The Trouble with Harry
(SPOILERS) Hitch was very partial to this atypical comedy, one he took on over Paramount’s objections (“With Harry I took melodrama out of the pitch-black night and brought it out into the sunshine”). The Trouble with Harry probably represents very few Hitchcock fans’ favourite of his films, so it is conversely a prime contender for “most underrated” lists. I’m not hugely on board with it, I have to admit. It’s enjoyably lightweight (it has that in common with his previous film) but almost painfully self-conscious in its quirkiness. Funny as The Trouble with Harry often is, its trouble is that it’s so aware that it’s Hitch doing outright comedy, it loses a lot of goodwill along the way.
Captain Wiles: Next thing you know, they’ll be televising the whole thing.
Truffaut referred to the picture’s “disconcertingly nonchalance”, and its particular streak of black humour – “To my taste, the humour is quite rich” as Hitch put it – didn’t really wash with US audiences (who had also previously rejected Capra’s Arsenic and Old Lace; later, the decidedly more lowbrow Weekend at Bernie’s would prove a big hit based on similarly corpse-based humour).
Jack Trevor Story’s 1949 novel was translocated from England to New England and with it the “understatement” of the characters’ attitudes to something as commonly disturbing as a dead body; here, it elicits abject indifference. Bernard Herrmann’s forebodingly jaunty score – his first for director and the latter’s favourite, apparently – strikes precisely the right tone, and Hitch sets up suspense motifs throughout in much the way he would with a straight thriller. There’s potential discovery with the body, on the hill, digging graves, in a bathtub by the sheriff. But in this case, always to humorous or amenable resolution. There’s even a cupboard door swinging open forebodingly at junctures, but it proves no more than a red herring.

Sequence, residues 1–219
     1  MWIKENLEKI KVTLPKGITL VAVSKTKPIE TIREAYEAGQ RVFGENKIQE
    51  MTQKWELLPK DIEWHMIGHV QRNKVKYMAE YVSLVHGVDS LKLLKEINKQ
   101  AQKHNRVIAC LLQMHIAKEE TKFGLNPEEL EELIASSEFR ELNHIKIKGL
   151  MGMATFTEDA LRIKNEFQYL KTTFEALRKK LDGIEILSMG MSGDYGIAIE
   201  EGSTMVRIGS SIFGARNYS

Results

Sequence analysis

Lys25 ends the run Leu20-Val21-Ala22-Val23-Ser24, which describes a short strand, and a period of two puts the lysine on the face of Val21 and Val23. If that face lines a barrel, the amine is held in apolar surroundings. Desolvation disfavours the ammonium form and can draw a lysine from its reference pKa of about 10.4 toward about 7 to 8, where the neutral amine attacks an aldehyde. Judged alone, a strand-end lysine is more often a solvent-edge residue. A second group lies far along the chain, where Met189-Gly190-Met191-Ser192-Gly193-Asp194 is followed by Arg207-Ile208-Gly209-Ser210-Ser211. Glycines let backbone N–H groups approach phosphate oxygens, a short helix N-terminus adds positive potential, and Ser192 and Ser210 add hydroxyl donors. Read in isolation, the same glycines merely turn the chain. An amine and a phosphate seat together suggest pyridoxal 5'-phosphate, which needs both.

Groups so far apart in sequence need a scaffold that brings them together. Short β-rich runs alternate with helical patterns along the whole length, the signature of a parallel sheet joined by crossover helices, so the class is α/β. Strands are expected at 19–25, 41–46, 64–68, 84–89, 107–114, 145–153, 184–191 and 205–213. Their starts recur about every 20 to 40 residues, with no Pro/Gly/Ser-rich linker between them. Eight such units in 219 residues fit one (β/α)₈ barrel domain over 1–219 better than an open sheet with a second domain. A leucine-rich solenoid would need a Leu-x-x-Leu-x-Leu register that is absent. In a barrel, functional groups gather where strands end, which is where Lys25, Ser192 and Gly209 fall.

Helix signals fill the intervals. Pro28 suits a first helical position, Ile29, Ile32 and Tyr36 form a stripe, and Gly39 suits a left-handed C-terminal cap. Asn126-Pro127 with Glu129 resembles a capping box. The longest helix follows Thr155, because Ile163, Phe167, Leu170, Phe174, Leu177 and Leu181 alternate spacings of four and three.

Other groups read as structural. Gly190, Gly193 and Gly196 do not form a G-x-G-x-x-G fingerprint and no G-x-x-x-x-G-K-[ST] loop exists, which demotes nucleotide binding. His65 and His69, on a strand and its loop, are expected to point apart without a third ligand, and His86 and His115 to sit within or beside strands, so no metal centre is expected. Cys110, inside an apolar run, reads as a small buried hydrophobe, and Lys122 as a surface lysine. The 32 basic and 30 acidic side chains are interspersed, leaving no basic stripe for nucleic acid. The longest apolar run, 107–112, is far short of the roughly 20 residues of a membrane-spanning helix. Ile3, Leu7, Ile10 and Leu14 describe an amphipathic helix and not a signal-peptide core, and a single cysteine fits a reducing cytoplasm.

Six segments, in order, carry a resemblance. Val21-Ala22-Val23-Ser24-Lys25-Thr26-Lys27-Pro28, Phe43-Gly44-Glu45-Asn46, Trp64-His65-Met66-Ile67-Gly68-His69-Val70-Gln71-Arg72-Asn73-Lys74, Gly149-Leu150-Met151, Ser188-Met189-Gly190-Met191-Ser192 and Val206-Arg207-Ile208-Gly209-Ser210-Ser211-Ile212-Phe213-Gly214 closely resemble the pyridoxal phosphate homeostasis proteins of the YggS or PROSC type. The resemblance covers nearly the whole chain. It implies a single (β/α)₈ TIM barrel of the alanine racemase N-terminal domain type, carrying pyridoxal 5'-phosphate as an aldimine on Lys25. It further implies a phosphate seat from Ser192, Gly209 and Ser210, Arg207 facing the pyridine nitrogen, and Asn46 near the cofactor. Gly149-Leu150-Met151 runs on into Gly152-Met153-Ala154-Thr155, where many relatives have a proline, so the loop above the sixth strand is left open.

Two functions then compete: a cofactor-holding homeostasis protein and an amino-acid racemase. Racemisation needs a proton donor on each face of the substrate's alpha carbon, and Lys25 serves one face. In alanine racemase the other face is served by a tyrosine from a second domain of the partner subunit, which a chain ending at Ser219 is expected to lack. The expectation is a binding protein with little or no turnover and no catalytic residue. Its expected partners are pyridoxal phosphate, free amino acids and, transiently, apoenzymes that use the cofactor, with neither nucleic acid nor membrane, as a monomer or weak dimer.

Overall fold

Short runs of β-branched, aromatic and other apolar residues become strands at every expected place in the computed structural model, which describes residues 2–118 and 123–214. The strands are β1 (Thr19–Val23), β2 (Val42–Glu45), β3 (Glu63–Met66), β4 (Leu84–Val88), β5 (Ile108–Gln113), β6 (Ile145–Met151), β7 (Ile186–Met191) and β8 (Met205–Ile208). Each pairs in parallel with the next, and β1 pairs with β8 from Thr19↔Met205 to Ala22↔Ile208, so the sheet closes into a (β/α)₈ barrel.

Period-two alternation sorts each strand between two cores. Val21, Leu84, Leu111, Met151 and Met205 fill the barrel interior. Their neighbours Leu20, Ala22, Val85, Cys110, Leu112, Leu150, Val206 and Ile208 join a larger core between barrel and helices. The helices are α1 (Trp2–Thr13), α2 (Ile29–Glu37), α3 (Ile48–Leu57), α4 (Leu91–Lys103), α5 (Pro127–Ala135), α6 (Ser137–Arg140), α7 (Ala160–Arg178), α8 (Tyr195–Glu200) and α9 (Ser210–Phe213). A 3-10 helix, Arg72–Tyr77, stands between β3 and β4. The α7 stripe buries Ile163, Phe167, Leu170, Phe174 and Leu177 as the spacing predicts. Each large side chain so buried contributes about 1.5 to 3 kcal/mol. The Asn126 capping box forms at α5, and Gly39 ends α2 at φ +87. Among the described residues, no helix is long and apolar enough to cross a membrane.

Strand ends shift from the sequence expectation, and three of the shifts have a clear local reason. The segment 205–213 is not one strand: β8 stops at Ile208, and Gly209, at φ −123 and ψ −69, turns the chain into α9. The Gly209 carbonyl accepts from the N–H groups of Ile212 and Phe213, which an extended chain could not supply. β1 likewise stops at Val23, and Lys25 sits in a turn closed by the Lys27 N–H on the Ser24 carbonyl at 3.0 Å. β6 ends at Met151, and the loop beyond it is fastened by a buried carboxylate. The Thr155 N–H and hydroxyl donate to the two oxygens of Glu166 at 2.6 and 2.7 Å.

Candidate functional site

Captain Wiles: I’ll be there with a clean shirt and a hungry face.
The central quartet of potential couples are winning enough, although the female leads come out decidedly best. Shirley MacLaine is entirely adorable – not something you can say of her latterly – in her movie debut as widowed Jennifer (it’s her husband lying on the hillside, his shoes recently removed by a hobo). Mildred Natwick – later Oscar nominated for Barefoot in the Park and fifty playing forty-two – is the lonely spinster fired up by the chance of something with Edmund Gwenn’s tugboat Captain Wiles (Gwenn is reuniting with the director for a final time after a decade and a half break). She’s wonderfully deadpan throughout; witness her matter of fact reporting of how her father met his end “caught in a threshing machine”. Gwenn – a quarter of a century Natwick’s senior – is an endearing old duffer, but sets the low-key tone of the entire affair. It’s all much too amiable and relaxed to ascend to the screwball farce levels of the aforementioned Capra film, even with the back and forth quips and banter from John Forsythe’s Bogart-lite delivery as artist Sam Marlowe.
Captain Wiles: She’s a well-preserved woman.
Sam Marlowe: I envy you.
Captain Wiles: Yes, very well preserved. And preserves have to be opened some day.
The inclusion of more salacious suggestiveness (above) is presumably considered to be of similar tonal innocuousness to the morbid premise. The interaction of the main quartet is breezy enough, but peripheral elements can rather grate. Such as Doctor Greenbow (Dwight Marfield), myopically surfacing at intervals while studiously engaged in bouts of perambulatory book reading. “Kind of strange, isn’t he?” is about right, but forced and irksome is more accurate. Then there’s the out-of-nowhere development of the fantasy millionaire buying all Sam’s artwork and the latter’s fantasy altruism in response.
Arnie: You never know when a dead rabbit might come in handy.
At one point, Wiles announces “I haven’t got a conscience” and generally that seems to sum up Hitch’s cheerfully ambivalent attitude to his characters. This was only the director’s third colour film, and if Robert Burks’ photography of autumnal Vermont is resplendent, Hitch’s frequently Achilles’ heel with his later films – of starkly unforgiving joins between location and set “exteriors” (essentially, most of the hillside sequences) – is fully present and incorrect.
Peter Bradshaw labelled it “radical absurdist cinema”. Which, well, no. When The Trouble with Harry is over, I doubt you’ll be immediately reflecting on it as either radical or absurdist. Determinedly amiable, frothily macabre, lightly lurid. Perhaps.